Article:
Ben was in renal failure and had to be put down at 10. Lots of tears, and George was inconsolable for six months. Two months later came the horrible decision to have to put him down because he was almost 14 and failing. Sat in my car weeping like crazy before I could manage to drive home.
I vowed I would never have another dog because it was just too painful to lose them.
I got Bruce three weeks later. I don’t do well without dogs. Need their unconditional love and unbridled happiness of living in the moment; great antidote from my job, where I deal with the depravity of people. Had George and Ben cremated, and spread some of their ashes in their favorite spot beside the bridle trail in the Metropark. Didn’t want to bury them in the yard in case I ever move.
Won’t make jewelry, but my son has instructions that when I die, I am to be cremated, and the ashes of any dogs I had are to be mixed with mine, put in fireworks, and shot over Lake Erie. (There’s a company in CA that does that. Or did; haven’t checked lately to make sure they’re still around. If not, then plant a tree and sprinkle us in the earth to feed it.) Some people think that’s really sick, but I’ve never been particularly conventional.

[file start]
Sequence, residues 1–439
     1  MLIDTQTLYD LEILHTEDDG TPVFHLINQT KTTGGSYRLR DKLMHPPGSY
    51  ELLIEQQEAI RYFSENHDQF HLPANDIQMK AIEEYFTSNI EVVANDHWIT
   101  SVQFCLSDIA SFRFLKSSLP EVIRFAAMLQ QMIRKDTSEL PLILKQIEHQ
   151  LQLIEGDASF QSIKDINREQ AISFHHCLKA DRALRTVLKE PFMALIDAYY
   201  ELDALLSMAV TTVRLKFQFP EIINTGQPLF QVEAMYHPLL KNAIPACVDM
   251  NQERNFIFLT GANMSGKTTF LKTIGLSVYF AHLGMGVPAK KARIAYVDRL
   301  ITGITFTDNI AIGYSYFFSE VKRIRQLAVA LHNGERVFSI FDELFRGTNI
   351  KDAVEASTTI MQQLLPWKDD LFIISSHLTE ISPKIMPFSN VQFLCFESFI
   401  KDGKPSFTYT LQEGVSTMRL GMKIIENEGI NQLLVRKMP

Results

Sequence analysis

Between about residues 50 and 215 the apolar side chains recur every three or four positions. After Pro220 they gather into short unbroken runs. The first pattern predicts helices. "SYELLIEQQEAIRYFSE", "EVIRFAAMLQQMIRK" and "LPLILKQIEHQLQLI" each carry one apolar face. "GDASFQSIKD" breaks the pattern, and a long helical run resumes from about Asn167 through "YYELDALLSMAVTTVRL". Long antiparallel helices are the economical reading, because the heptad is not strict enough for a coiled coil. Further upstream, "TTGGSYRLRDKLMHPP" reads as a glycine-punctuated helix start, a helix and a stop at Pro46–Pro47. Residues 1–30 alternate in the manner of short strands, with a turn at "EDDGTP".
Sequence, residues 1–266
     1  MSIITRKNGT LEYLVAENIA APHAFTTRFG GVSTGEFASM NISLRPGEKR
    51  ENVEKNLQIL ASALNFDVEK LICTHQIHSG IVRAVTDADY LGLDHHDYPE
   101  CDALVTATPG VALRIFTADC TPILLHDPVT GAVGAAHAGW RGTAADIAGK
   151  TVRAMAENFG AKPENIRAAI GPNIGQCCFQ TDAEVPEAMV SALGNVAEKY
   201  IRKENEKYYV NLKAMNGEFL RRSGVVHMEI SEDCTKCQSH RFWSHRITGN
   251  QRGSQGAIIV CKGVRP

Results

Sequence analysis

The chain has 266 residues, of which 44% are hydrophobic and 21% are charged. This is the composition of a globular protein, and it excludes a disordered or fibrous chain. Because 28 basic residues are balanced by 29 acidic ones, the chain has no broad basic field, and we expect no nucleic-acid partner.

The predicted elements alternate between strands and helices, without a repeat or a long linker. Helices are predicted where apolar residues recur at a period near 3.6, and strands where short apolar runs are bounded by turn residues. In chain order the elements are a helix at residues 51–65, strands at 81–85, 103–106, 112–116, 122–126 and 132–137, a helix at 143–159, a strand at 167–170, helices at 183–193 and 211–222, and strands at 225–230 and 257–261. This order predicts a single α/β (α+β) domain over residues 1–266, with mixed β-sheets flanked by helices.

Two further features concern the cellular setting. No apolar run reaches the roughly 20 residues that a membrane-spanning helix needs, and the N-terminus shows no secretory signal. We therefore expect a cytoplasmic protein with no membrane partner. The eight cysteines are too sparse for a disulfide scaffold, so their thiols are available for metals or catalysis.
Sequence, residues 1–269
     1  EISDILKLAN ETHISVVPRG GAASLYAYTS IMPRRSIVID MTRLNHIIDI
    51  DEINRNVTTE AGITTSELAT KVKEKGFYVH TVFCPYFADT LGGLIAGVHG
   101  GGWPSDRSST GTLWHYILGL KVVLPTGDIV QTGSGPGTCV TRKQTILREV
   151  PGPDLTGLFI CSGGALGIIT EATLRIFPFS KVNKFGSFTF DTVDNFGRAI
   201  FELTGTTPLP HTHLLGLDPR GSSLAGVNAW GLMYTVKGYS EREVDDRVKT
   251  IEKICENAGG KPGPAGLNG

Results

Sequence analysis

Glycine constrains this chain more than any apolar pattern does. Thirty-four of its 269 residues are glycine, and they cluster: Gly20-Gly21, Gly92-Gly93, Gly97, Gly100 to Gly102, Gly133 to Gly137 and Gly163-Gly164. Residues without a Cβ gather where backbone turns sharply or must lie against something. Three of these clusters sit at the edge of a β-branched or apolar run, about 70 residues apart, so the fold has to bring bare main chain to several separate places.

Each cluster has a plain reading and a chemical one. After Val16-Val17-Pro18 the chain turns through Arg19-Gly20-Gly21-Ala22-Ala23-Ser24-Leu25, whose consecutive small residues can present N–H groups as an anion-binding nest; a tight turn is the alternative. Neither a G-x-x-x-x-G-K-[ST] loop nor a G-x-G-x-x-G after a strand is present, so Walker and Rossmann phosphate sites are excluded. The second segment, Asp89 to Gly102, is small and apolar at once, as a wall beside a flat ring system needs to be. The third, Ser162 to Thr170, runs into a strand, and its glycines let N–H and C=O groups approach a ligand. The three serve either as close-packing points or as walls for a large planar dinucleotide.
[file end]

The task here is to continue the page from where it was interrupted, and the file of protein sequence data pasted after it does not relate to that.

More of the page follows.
Ted Diadiun, The Plain Dealer: You learn early that the trouble with loving a dog is that you know—if you’re lucky—you’ve going to outlive him, and will have to suffer the grief of putting him down. Of course we’ve had to part with several that way, and each one puts a different kind of stamp on your heart. I’ve always had to give it a year before I can bring myself to get another dog, but I never resent people suggesting I do it sooner, because I know they do it out of love.